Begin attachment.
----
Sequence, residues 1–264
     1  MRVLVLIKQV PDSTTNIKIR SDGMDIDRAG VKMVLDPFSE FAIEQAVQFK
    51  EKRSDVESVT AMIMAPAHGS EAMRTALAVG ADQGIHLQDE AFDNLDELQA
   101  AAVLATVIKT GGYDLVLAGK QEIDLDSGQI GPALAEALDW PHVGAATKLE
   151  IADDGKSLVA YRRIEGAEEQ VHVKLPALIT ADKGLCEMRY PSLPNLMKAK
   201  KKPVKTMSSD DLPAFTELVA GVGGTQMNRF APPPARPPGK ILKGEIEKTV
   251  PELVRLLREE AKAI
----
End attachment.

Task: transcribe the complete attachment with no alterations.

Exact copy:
Sequence, residues 1–264
     1  MRVLVLIKQV PDSTTNIKIR SDGMDIDRAG VKMVLDPFSE FAIEQAVQFK
    51  EKRSDVESVT AMIMAPAHGS EAMRTALAVG ADQGIHLQDE AFDNLDELQA
   101  AAVLATVIKT GGYDLVLAGK QEIDLDSGQI GPALAEALDW PHVGAATKLE
   151  IADDGKSLVA YRRIEGAEEQ VHVKLPALIT ADKGLCEMRY PSLPNLMKAK
   201  KKPVKTMSSD DLPAFTELVA GVGGTQMNRF APPPARPPGK ILKGEIEKTV
   251  PELVRLLREE AKAI